Yes, There's A Way We Could End Up With A POTUS Not Named Trump Or Clinton
It's a narrow route, but it exists all the same — and it begins in Utah.
There, in the Beehive State, Donald Trump holds a significant yet still-not-insurmountable six-point lead. But he isn't only being pushed by Clinton, though. He has another strong competitor there: Evan McMullin.
I know what you're thinking: "WHO?!"
Yeah, that reaction is to be expected.
McMullin is far from the most notable third-party candidate. But there's no doubt, in Utah, the former CIA operative is certainly the most viable one.
He's a native of the state, a "new" kind of conservative and — like 60 percent of Utah — Mormon.
Bottom line, he has a legitimate chance to win Utah, and that is no small feat. No third-party candidate has won electoral votes, the prize for winning a state, in nearly 50 years.
And if McMullin pulls off a Utah win, he'll have accomplished a lot as it is. But he could go even father.
A few weeks ago, FiveThirtyEight perfectly broke down a path that would lead McMullin to the White House.
It goes a little something like this:
- Win Utah's six electoral votes.
- Hope that Clinton and Trump's slugfest shakes out in a way that neither gets to the 270 electoral votes needed to win outright.
- Hope that he is voted into the White House by the Republicans of Congress.
Now, let's work backward here.
The third step is Constitution 101. The 12th Amendment demands that, in the case of an electoral stalemate (i.e., no one getting to 270), the House of Representatives votes for one of the top three contenders.
The second step is the stalemate itself, which, because of the funky math, is usually hard to imagine. But thanks to an absurd dad joke from a random guy on Twitter, we can envision it a little better.
Check it out:
The dad joke map (let's call it the dad joke map, shall we?) is an example of an electoral result that would require a secondary vote by Congress.
And here's where things get interesting.
At the time FiveThirtyEight published its explainer of how McMullin could win, Donald Trump's campaign was on life support, particularly after the release of that tape.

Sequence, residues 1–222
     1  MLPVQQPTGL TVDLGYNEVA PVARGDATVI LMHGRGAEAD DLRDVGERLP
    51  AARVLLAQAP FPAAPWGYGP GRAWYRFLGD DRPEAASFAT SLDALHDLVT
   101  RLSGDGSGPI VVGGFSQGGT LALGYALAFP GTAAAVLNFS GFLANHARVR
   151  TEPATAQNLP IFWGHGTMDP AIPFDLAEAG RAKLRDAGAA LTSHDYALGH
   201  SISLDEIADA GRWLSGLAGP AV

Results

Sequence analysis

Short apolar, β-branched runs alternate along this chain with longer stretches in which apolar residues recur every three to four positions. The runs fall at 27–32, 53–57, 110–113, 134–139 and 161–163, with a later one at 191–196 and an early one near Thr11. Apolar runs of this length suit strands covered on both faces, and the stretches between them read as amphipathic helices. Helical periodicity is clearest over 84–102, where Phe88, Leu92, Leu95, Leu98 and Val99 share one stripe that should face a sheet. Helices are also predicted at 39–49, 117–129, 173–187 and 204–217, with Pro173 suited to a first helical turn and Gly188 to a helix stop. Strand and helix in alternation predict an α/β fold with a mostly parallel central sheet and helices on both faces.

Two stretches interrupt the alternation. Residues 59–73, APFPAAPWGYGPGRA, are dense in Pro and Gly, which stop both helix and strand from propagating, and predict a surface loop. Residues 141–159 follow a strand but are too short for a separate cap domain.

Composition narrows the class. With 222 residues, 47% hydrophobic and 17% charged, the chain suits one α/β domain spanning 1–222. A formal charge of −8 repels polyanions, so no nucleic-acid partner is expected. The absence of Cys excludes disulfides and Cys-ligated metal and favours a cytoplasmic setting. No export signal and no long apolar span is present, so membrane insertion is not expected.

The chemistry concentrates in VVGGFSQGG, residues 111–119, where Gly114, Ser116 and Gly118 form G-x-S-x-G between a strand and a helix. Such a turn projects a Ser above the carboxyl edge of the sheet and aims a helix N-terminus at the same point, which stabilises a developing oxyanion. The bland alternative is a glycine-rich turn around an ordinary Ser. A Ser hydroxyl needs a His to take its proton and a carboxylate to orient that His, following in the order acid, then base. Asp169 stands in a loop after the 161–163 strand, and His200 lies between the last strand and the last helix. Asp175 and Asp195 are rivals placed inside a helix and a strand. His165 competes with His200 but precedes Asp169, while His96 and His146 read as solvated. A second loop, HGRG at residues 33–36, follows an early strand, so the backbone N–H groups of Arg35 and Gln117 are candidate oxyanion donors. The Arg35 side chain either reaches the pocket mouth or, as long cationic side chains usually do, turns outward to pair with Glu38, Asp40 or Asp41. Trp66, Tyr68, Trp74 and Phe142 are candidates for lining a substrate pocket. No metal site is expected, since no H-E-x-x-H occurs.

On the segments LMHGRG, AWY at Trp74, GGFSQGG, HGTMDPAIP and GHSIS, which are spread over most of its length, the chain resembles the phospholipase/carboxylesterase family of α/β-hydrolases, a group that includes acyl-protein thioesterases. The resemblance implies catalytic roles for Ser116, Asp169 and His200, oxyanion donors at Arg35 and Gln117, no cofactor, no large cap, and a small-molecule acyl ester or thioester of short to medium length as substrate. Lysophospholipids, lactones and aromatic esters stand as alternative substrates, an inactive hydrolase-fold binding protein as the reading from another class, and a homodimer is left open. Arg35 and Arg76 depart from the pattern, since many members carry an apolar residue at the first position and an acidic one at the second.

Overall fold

Things looked so bad for the Republican nominee it seemed unlikely he could even win 200 electoral votes, never mind 270.
So, back then, the idea of a deadlock seemed even more unlikely than it normally should.
But now look where we are. Hillary Clinton's campaign is the one dealing with controversy, courtesy of the FBI, and that controversy has given Trump a boost in the polls. One of those polls even put Trump ahead by a point on Tuesday.
The result of Trump's momentum? His chances in Florida look a little better. His chances in North Carolina look a little better. His chances in Ohio, Nevada and Colorado — they all look better.
All in all, Trump's chances at forcing a neck-and-neck race and making the dad joke map a reality look much better than they did two weeks ago.
So, in theory, all Evan McMullin needs to do is win Utah and he will become a contender, which brings us back to this question: Um, how did he get here?
Well, one of the biggest reasons is super fascinating. McMullin might be Mormon, but part of the reason why he's viable is because of Muslims, or, rather, Donald Trump's rhetoric against Muslims.
Basically, Mormons know what it's like to be an ostracized faith (the whole reason they're in Utah is because they got pushed there). So Trump's talk about singling out people based on religion? Yeah, by all accounts, the Church of Latter Day Saints ain't really about that life.
And now, in an ironic twist of fate, one of the most loyal Republican states appears to be the one ready to take the most tangible stand against Donald Trump's views.
You really can't make this stuff up.
And I say all that to make this point: This election is from outer space and Evan McMullin's candidacy is just further proof of that, especially if he wins Utah and (dear God) extends this election past November 8.
It's improbable, but technically speaking, it's not impossible.
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